Romani ite domum
Some forty years ago this month, the first of the Vindolanda tablets was discovered in northern England by Robin Birley. Vindolanda was a Roman fort built near Hadrian’s Wall. Hadrian’s Wall was a wall built to keep Picts, et al., from entering Roman territory and taking all the low-wage jobs. The Vindolanda tablets, which were initially thought by excavators to be garbage, contain some of the earliest examples of writing done by Roman women; actually, their scribes likely scrawled a majority of the Latin cursive extant on the tablets. Education wasn’t believed to be of value to women by the Roman patriarchy, some members of which have apparently lived thousands of years and currently occupy certain seats in the U.S. Congress. The tablets provide an insight into quotidian life on the Roman frontier. Overall, it seems a pretty depressing life to have endured – being stuck in a backwater whose inhabitants – many of them, anyway – actually respected the inherently corrupt authority you represented as a tool of Roman power.
I’ve often had the urge to visit the site, which is located in a part of the U.K. where, to put it in simple terms, “they talk like this.” The spoken word of English: It’s a wonderful, exciting language that we in the United States of America have barely begun to ruin.
One of the more notable Vindolanda tablets is a birthday party invitation from Claudia Severa to her friend, Sulpicia Lepidina. It must have been some party; perhaps it rivaled even this one in terms of fun and memories made.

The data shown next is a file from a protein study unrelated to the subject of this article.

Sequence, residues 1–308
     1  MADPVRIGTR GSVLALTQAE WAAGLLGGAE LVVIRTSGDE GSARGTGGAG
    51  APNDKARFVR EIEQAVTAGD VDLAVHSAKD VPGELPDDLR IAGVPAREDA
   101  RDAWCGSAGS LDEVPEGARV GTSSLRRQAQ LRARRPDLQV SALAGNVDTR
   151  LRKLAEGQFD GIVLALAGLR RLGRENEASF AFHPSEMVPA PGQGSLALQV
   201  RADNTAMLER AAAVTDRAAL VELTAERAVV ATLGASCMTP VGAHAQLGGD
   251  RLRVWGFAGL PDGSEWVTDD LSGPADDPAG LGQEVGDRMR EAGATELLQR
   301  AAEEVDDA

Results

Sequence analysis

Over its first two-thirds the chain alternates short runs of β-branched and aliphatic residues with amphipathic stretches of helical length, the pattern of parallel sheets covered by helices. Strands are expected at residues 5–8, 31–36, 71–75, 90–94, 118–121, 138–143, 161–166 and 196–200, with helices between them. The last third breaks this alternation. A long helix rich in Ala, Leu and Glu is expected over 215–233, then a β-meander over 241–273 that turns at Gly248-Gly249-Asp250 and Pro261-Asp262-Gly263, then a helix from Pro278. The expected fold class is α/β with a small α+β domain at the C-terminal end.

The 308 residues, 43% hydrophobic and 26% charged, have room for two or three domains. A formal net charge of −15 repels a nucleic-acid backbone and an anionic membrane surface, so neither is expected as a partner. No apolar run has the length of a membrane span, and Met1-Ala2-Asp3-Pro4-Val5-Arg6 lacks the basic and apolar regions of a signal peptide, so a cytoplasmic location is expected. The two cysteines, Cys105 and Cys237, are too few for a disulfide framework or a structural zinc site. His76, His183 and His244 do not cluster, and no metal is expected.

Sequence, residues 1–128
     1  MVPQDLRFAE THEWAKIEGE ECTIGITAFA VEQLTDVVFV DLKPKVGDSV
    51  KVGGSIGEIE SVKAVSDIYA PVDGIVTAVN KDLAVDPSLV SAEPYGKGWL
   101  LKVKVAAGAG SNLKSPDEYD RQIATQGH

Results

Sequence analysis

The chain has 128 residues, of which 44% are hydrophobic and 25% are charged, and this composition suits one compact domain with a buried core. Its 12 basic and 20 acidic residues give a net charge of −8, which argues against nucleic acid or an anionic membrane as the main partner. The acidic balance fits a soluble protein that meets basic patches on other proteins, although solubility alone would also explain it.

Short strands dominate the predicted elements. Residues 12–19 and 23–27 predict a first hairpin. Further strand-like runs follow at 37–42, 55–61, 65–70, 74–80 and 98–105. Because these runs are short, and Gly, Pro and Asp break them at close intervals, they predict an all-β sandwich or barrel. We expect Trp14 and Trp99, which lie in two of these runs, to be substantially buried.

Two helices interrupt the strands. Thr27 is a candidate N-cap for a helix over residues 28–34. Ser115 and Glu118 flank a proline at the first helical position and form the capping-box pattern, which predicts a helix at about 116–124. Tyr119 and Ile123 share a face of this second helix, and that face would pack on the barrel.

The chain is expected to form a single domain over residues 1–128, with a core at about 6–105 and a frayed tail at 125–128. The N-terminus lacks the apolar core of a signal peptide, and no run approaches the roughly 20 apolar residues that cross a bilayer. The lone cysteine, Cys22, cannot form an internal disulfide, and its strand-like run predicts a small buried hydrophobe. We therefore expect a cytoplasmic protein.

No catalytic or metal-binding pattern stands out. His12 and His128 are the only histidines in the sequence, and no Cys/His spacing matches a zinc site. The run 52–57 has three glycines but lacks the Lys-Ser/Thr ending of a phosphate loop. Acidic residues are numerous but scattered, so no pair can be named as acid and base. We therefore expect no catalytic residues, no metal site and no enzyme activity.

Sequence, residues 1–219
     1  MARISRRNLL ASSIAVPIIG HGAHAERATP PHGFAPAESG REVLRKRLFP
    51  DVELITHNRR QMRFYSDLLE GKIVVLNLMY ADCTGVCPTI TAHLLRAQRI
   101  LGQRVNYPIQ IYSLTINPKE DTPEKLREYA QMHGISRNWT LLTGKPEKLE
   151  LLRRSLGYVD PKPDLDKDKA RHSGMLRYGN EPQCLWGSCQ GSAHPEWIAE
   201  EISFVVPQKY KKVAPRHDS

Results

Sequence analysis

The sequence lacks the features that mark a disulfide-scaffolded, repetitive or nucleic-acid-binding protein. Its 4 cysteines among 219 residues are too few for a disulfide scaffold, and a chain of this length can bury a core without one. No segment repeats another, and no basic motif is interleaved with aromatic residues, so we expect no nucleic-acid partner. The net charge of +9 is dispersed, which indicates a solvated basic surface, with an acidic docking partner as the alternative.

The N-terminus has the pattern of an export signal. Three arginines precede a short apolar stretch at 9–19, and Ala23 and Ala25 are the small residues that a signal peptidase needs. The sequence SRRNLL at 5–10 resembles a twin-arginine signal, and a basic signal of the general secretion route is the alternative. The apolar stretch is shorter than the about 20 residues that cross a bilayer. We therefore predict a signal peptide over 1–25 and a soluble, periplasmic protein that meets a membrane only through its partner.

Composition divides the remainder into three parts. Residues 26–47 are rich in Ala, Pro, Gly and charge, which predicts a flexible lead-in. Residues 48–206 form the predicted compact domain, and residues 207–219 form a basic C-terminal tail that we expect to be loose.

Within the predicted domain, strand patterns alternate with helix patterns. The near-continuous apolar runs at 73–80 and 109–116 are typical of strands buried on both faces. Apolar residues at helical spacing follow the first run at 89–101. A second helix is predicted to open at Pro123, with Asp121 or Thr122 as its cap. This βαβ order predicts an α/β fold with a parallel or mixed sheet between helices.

They made a desert and called it peace, Tacitus quotes Calgacus as having said of the Romans, which could well be why he was never invited to any Roman birthday parties.
Subject to hardening
There’s really not much more that can be said about Peeps than is detailed here. When consumed immoderately, they may clog your innards to the extent that your bowels become a metaphor for certain theocratic constituencies in the current body politic. Apparently, the only means a Peep won’t serve as includes ordnance, an instrument of augury, or as the author of an extremely boring online column. Peeps are known for hardening over time. Had Soyuz I, which rocketed into space 46 years ago next month, been constructed entirely of Peeps, perhaps Vladimir Komarov would be alive today (warning: some images contain graphic content). Too bad he was on a deadline set by certain folks in the USSR who had little interest in whether or not the craft in which he was to travel would survive the journey.
If you did indeed view the YouTube clip linked in the previous item, I’m sure you’re happy some the images were rendered in black and white, rather than color. A fundamental human decency sometimes requires the lack of certain illustrative qualities, and sometimes the imagination is further fueled by lack than by load. There are still many media consumers who feel this way, apparently. More than 13,000 homes in the U.K. still view TV broadcasts in black and white. Whether this is due to gravitas or economic parsimony or fey hipsterism isn’t known to me. I owned a functioning black-and-white TV set -– 12-inch screen, made by TG&Y — until a few years ago, when the conversion to digital rendered it little more than a nicotine-stained cube capable only of producing noise like applause from an invisible audience.
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